And all the space between would fill up in my chest.

God made me in His image, but it hurts to have infinity thrust into a finite body.

It hurts to feel sometimes. It hurts to feel because feeling means hurting,

And I understand why Adam and Eve got so much flack. God Hurt.

God made me take a sip of the pain. The pain of feeling, the blessing of feeling.

No - the curse.

The curse.”

 

 

“That was amazing!” Marie gushed. Who did you say wrote this?”

Dudley hesitated answering. Naya swooped in. “You wrote it, Marie. A long time ago. It says in 1964, back when you were twenty. Do you not remember any of this at all? It’s wonderful.”

Marie frowned. “No, not really. Please, can I see the book?” Naya gave it to her. Marie stared hard at the front cover before flipping through the pages. She frowned again. “It’s a terrible thing, not to know your past. I feel like this must have been in another life, like I reincarnated after all of this.”

What Naya found amazing was Marie’s strong ability to recall most things surrounding her first marriage and her child, and nothing else outside of that. She did not mention anything extremely comprehensive about her childhood, and nothing of her life after her disappearance. It was like her memory was articulately erased, like it was planned by something bigger than her. Things she would say didn’t seem to add up, like how she said she always read the books on her shelf, yet she didn’t even know her own. Every time she mentioned Charlotte, or her husband, Naya’s heartstrings tightened. It was a strange thing to witness - a woman who was clearly bright and learned, holding onto memories like sand in her open palms.

 

“First theory: Aliens.” Naya said to Dudley as he drove them home afterwards.

“You serious?”

“No, I’m not serious. Not all the theories have to be plausible. After all, we’ll never know. It’s like when Amelia Earhart disappeared. Anything was possible.”

“Yeah, but Marie’s still here.”

“You think people have been abducted by aliens never to return? They almost always return. They’re just different afterwards. Like Marie.”

“Return from where? Aliens aren’t real!” Dudley was grinning at how ridiculous this conversation was.

“It’s just a theory!”

“Jesus. OK. Well, you better elaborate, then.”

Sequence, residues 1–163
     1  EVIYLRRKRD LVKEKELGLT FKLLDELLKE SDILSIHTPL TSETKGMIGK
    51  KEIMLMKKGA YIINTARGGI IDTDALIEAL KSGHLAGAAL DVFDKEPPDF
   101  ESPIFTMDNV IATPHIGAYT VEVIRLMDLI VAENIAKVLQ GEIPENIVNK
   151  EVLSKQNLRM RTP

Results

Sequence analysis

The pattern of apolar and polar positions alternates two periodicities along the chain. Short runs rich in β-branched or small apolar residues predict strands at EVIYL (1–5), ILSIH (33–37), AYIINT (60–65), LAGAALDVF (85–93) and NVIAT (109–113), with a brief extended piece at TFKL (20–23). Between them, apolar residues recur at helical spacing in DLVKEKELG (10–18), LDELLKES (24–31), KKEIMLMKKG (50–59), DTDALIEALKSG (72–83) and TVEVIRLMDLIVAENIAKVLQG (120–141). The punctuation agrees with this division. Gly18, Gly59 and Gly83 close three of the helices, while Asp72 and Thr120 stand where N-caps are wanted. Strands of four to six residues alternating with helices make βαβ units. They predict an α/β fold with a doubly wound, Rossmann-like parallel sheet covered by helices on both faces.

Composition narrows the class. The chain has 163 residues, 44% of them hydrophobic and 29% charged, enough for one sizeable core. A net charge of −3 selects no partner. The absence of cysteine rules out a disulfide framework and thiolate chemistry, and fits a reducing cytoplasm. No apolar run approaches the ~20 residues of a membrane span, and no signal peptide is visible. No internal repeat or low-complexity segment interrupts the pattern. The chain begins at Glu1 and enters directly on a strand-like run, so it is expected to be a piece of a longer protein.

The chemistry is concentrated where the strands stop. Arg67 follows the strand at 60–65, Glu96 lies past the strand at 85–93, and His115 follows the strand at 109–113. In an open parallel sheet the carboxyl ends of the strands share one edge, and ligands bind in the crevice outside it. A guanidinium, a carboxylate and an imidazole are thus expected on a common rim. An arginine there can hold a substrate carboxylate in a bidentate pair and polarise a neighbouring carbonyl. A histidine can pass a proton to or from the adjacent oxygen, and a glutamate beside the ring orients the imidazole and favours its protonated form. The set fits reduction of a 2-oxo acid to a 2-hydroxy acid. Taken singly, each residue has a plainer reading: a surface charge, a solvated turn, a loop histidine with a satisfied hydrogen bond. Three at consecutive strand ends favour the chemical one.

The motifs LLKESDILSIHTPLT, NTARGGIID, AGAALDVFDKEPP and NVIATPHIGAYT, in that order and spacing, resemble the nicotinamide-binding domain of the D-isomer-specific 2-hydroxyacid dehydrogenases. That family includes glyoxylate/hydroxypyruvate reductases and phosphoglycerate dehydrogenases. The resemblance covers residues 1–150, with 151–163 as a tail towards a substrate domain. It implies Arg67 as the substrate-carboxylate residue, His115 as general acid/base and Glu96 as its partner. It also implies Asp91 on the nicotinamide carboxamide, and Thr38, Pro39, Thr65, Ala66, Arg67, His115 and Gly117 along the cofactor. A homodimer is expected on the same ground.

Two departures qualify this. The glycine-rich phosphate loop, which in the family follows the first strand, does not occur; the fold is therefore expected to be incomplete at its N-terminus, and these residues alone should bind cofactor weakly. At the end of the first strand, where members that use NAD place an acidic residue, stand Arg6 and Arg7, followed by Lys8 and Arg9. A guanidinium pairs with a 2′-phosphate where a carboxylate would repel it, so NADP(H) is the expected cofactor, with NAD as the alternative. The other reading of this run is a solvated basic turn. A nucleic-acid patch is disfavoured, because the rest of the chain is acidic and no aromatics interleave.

“One of her last poems alluded to the universe. I think it’s called The Birth and Death of Andromeda. Maybe her poetry book was a prediction of the future, of things to come. So she can’t recall anything now, but she saw everything coming. And she just wrote it in riddles. Maybe she knew she was going to be abducted, that day she went to to the grocery store and never came back. Obviously, aliens erase your memory and stuff. They poke and prod at you, make you act different. They dropped her off in another state and she had no choice but to start her life again.”

“I’m pretty sure if I had been abducted by aliens, I’d want to go home after. See my family, make sure I’m still sane.”

“You don't know what you'd do if you were abducted by aliens, Dudley Warrington.”

“Yeah I do. I’d tell my mom about it, and she'd be the only person who believed me, and she’d probably crack some weak joke about it.”

“Well I guess if we’re talking about hypotheticals, I’d probably hope that they’ve cured my eyesight. No, given me super eyesight. So I have like, x-ray vision and I can see things at microscopic levels. I could read people’s texts from far away, or look into someone’s wallet and get their credit card deets. Nobody would fuck around with me.”

“Truth is, we’d probably just become vegetables.” Dudley chuckled.

“So we’re good with the Aliens theory, right?”

“I think we need to build up on it. Add levels and layers. What kind of aliens? From where? Why? These things matter.”

“So you’re really getting into this, huh?”

“I’m selectively passionate.”

“The aliens would have to have come through a wormhole, you know, like in Interstellar. A species way more intelligent than us feeble beings. Marie wouldn’t have been the first person they abducted - in fact, over centuries, they’ve taken millions of people. Some returned, some didn’t. People are still being taken now. Sometimes only for hours, sometimes days, or years. Maybe Marie was up there for two decades. Maybe only a month. Either way, she made it back, and they messed her brain up so bad that her dementia is some sort of way of covering it up.”

“That’s pretty wild.”

“Right? I should become a storyteller. A novelist. I’m gonna work on my sci-fi saga the second I get home.”

“You’ve got to put me in your acknowledgements.”

“We’ll cross that bridge when we get to it.”